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Merger is a financial tool that is used for enhancing long-term profitability by expanding their operations. Mergers occur when the merging companies have their mutual consent as different from acquisitions, which can take the form of a hostile takeover.
The business laws in US vary across states and hence the companies have limited options to protect themselves from hostile takeovers. One way a company can protect itself from hostile takeovers is by planning shareholders rights, which is alternatively known as - poison pill. If we trace back to history, it is observed that very few mergers have actually added to the share value of the acquiring company. Corporate mergers may promote monopolistic practices by reducing costs, taxes etc.
Such activities may go against public welfare. Hence mergers are regulated d supervised by the government, for instance, in US any merger required\s the prior approval of the Federal Trade Commission and the Department of Justice. In US regulation son mergers began with the Sherman Act in 1890.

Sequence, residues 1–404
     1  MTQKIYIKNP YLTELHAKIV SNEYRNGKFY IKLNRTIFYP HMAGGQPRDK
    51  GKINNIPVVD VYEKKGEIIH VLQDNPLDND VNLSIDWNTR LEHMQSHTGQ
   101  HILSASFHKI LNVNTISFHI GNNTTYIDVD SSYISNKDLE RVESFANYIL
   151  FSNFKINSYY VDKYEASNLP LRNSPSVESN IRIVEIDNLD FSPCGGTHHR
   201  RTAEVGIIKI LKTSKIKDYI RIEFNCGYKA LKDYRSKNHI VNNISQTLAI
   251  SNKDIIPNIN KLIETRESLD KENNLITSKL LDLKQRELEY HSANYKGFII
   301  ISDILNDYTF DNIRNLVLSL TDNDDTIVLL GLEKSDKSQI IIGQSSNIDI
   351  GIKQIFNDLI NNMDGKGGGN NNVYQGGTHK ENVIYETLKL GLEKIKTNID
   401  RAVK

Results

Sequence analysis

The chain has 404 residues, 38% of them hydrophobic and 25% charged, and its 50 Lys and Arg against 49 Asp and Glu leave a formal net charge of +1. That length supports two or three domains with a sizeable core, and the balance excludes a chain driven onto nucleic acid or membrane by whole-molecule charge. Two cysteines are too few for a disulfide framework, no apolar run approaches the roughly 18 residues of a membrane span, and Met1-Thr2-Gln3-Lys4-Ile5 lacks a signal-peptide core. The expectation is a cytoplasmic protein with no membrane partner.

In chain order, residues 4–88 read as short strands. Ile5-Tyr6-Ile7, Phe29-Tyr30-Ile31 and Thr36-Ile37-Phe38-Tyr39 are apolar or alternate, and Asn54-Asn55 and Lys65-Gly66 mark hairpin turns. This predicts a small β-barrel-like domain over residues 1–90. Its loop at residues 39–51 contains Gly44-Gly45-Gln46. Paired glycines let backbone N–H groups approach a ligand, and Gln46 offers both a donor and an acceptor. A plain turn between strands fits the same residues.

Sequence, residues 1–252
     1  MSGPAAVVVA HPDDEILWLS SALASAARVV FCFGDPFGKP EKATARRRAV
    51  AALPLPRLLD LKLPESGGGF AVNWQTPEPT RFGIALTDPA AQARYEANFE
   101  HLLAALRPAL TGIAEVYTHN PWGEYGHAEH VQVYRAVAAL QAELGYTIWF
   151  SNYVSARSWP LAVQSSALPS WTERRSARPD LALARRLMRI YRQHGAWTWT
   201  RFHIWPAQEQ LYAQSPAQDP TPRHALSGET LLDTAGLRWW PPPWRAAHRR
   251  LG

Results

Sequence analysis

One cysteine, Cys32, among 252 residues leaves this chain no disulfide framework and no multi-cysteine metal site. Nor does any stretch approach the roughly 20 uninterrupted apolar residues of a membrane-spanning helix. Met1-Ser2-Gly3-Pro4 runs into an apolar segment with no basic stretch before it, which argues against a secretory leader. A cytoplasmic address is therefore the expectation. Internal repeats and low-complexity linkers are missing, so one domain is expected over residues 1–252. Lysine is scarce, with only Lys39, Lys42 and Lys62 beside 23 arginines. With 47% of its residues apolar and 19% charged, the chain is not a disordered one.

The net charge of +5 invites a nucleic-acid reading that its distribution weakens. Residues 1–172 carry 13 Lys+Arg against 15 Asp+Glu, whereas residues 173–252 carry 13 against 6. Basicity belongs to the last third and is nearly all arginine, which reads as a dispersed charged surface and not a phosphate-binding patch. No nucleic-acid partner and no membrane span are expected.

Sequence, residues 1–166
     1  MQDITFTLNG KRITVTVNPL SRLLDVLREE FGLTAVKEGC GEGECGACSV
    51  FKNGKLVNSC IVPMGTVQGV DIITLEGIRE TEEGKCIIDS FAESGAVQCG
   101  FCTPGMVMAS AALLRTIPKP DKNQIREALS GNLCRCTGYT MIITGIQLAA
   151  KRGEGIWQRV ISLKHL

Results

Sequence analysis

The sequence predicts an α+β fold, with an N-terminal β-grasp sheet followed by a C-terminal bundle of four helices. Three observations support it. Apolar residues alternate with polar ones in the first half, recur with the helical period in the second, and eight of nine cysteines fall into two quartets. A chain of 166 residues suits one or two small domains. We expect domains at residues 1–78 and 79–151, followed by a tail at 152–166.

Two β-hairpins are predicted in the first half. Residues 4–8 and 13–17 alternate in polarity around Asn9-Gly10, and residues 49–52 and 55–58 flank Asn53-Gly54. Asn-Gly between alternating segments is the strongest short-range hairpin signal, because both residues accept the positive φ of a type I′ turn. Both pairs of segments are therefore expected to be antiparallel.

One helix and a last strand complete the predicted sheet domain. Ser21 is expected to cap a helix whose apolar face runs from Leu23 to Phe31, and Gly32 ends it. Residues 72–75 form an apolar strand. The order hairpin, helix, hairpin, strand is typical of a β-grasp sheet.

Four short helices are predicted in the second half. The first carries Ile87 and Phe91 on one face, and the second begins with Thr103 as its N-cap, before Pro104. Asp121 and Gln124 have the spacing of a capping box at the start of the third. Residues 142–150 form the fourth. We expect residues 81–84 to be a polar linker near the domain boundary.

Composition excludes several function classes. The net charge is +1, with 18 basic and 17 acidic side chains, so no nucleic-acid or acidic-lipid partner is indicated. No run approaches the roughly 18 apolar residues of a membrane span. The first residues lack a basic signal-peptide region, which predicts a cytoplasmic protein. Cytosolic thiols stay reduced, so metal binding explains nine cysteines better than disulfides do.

Excessive short-termism is always a problem for policy, but the Global Crisis has brought it sharply into focus. This column introduces a report that discusses how a shift to longer-term solutions is necessary and possible. A key message is that businesses as well as governments need to take a longer-term view. The report identifies ways to overcome the current impasse in key economic, climate, trade, security, and other negotiations. Read more
Stephen S. Roach,
Mohamed A. El-Erian,
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